If only every transaction were so simple.
A New Jersey business owner in his 50s had run a successful retail operation for some two decades “when he decided it was time to cash in and get out,” said Robert Frawley, a Morristown attorney who mainly focuses on business-related matters.
“I helped to connect him with a business broker, the enterprise was fairly valued, and he was able to sell it and move on with his life,” Frawley recalled.
Unfortunately, not everything works out so easily, if left unplanned in advance.
“Exit strategies can be an unpleasant topic for some entrepreneurs, especially if the business has grown significantly,” Frawley noted. “Unfortunately the person who starts a company may not be the right person to keep guiding it once the business gets beyond a certain point. The problem can be compounded because it’s not unusual for that individual to be unable to recognize this.”
He recounted how a client had established a manufacturing company and then brought in outside investors.
“He and the investors couldn’t agree on how to manage the company. It struggled, then eventually went out of business,” the attorney explained. “Some clients recognize when the time has come to bring in professional management and step back, perhaps become chairman and have a professional manager run the company; and some just don’t. … But there’s no easy way to predict when that point is reached. It depends on the entrepreneur and on the specific business.”
Billy Procida, who owns Procida Funding in Englewood Cliffs, said it’s a good idea to have an exit strategy percolating a good while before actually exiting a business.
“They’re usually long-term until something makes me think that it’s time to make an exit,” Procida said. “As an investor, it’s not uncommon to have to push the original owner to move on at a certain point. They may have had a great idea initially [but] at some point they may not be the right person to keep moving the company forward. Sometimes it’s evident to them, but sometimes it’s not.”
In addition to timing, putting the correct price on a company is a vital part of a successful exit strategy. Yet many business owners are too wrapped up in their company to value it soberly.
“It’s important to have an independent third party take a dispassionate look at the company and evaluate it, and then determine a reasonable price for it,” said Charles Mizejewski, vice president of Sunbelt of New Jersey, a Metuchen-based business brokerage and M&A firm.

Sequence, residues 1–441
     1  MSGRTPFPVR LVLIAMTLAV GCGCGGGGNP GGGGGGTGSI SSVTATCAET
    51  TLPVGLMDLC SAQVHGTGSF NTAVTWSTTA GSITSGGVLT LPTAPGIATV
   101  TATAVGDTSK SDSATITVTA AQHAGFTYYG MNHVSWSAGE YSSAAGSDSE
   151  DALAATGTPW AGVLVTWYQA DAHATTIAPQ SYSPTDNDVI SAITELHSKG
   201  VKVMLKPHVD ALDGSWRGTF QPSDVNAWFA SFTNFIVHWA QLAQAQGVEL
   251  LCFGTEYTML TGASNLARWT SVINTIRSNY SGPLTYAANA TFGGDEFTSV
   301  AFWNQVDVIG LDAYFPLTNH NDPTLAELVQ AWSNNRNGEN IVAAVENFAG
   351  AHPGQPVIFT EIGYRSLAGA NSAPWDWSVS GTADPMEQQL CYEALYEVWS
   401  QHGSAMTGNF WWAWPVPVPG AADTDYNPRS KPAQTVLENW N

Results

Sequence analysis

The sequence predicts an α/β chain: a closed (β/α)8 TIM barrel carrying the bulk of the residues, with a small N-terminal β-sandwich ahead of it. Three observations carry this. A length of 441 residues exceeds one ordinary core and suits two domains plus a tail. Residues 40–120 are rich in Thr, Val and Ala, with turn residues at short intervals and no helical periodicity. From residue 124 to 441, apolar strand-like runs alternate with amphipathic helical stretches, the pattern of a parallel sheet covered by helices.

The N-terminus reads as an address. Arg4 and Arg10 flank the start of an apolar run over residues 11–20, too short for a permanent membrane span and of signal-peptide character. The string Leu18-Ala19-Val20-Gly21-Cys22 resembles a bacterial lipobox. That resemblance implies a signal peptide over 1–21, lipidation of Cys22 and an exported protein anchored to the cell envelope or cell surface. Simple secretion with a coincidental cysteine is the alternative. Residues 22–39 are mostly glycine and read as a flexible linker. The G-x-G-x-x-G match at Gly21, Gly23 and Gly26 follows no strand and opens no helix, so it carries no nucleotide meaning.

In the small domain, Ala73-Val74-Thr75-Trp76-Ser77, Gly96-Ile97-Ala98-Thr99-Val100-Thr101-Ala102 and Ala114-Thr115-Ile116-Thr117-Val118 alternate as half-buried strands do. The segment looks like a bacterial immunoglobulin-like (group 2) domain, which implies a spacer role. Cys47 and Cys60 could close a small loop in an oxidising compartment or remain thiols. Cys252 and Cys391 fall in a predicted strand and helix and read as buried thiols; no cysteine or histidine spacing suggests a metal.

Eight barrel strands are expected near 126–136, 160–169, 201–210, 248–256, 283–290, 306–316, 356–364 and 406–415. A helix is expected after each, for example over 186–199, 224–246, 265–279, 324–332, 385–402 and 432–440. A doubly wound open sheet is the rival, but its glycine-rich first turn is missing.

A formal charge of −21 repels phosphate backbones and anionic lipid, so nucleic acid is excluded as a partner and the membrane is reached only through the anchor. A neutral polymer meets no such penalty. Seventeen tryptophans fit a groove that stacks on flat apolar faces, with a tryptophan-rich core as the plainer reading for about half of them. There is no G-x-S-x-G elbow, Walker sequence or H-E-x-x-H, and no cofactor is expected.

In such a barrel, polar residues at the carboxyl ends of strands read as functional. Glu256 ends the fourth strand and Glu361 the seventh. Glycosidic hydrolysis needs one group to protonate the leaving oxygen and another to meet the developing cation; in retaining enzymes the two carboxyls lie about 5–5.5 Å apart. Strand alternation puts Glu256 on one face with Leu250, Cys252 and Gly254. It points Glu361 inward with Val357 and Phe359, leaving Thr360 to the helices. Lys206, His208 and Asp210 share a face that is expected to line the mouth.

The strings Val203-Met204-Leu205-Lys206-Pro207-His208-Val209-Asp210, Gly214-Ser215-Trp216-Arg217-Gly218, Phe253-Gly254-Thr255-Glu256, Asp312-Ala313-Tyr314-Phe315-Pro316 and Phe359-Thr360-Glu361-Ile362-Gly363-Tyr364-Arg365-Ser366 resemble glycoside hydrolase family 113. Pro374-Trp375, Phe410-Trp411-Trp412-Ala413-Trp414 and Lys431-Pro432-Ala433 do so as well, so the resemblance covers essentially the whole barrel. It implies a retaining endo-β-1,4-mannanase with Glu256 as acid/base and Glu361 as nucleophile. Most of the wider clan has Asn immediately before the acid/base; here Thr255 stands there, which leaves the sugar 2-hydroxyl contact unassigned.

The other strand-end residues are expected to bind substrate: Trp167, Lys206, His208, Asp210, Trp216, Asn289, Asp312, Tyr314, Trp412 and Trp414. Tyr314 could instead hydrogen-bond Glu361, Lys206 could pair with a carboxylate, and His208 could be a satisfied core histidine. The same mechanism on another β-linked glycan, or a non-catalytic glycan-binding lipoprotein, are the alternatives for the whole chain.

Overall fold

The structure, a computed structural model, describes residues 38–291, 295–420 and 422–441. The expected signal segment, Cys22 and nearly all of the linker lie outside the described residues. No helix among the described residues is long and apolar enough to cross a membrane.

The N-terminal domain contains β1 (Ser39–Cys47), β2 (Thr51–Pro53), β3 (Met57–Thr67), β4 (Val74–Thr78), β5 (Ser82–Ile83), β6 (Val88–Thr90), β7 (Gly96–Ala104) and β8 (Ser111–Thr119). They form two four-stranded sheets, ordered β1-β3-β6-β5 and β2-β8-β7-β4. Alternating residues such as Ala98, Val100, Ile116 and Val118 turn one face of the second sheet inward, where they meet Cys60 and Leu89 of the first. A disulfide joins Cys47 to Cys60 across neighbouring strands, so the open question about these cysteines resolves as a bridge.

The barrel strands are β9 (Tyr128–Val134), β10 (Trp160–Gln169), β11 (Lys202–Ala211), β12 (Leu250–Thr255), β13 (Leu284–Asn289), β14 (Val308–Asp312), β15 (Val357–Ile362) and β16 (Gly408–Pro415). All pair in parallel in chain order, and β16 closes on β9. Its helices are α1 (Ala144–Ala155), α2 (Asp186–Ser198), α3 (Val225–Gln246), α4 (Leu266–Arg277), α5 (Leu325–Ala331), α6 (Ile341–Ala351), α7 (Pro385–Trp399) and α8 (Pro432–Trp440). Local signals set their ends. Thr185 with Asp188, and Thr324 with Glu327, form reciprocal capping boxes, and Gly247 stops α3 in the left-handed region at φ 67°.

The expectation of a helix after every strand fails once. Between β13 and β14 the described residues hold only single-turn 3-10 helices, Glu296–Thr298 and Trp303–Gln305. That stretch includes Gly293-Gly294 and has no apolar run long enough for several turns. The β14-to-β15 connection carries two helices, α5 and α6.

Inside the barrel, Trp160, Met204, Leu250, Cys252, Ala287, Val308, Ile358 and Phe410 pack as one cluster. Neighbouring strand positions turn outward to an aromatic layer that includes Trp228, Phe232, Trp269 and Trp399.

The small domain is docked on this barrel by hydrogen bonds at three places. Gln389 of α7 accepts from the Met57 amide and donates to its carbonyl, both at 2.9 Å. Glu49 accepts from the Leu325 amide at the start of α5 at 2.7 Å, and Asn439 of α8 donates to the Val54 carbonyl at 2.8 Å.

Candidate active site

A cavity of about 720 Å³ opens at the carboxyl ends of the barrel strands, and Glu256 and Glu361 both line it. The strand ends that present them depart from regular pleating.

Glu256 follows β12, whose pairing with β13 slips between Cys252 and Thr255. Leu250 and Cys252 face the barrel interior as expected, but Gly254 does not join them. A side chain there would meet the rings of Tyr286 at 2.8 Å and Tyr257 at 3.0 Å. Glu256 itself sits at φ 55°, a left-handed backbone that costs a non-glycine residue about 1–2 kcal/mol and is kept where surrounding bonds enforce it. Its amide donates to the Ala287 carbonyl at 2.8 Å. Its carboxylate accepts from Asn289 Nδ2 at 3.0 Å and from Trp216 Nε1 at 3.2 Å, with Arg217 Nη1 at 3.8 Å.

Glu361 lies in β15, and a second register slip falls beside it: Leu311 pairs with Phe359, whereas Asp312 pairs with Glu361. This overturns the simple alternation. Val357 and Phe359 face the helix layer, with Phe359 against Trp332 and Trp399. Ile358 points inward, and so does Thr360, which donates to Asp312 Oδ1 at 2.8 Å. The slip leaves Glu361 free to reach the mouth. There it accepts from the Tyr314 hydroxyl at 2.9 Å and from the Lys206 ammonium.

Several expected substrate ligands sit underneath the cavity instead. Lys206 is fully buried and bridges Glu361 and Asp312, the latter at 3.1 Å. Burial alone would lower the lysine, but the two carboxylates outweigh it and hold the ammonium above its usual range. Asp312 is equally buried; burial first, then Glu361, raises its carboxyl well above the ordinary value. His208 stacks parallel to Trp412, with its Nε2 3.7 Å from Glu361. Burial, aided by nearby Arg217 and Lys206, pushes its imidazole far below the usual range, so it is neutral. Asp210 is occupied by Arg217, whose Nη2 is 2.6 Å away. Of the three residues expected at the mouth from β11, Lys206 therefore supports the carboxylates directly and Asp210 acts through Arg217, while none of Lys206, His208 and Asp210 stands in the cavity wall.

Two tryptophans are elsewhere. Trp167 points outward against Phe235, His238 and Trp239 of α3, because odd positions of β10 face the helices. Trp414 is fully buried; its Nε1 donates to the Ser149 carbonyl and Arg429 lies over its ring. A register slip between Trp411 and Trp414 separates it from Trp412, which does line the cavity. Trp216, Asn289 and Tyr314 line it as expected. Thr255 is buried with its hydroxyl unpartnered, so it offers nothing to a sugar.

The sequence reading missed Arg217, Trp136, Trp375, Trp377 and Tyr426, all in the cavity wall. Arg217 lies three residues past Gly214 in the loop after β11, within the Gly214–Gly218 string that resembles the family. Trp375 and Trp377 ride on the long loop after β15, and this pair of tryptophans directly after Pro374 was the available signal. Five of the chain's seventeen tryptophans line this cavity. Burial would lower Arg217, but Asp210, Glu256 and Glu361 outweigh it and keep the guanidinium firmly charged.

Business brokers typically start by examining a few years of documents, including tax returns and financial statements, and they’ll check up on assets like buildings, equipment and inventory.
“It’s not just the physical assets, though,” Mizejewski said. “We’ll also review the company’s operations and the number and quality of employees. We want to get a feel for the way the business runs.”
Once they’ve completed that phase, Mizejewski and his crew will determine a price tag and start to get the word out on the street.
“Often, the seller wants to maintain some degree of confidentiality,” he noted. “It may be that employees and customers, for example, don’t know the owner is planning on leaving. So we may advertise a ‘successful auto repair company in Central New Jersey’ for sale, without naming the company. When potential buyers express interest, we have them sign an NDA (nondisclosure agreement) before revealing any details to them.”
A broker can also help scope out the potential buyer.
“We’ll meet with prospective buyers to get a feel for the person,” Mizejewski said. “And then we screen them to be sure they’ve got the financial and other resources on hand — or can qualify for SBA or other financing — to actually close the deal.”
Meantime, a bit of patience with the process helps. In one recently completed deal, Mizejewski’s firm represented an auto body and paint shop in Central Jersey that was listed for a year until a good match was made.
“A number of people expressed interest in the shop, which has about 10 employees and is very profitable, but things didn’t quite come together until we found a fellow who had a significant amount of cash and had recently been downsized from his employer,” he said. “The guy was too young to retire and he wanted his own business. He wasn’t a body man, but he likes cars and enjoys dealing with people.”
Mizejewski helped the two parties to close the deal.
“We helped them negotiate a note, which the former owner — who is in his late 60s and wanted to retire — will hold,” he said. “This deal was especially noteworthy, because we brokered the original sale to the owner years ago, and when he was ready to retire he called us up to help him sell the business.”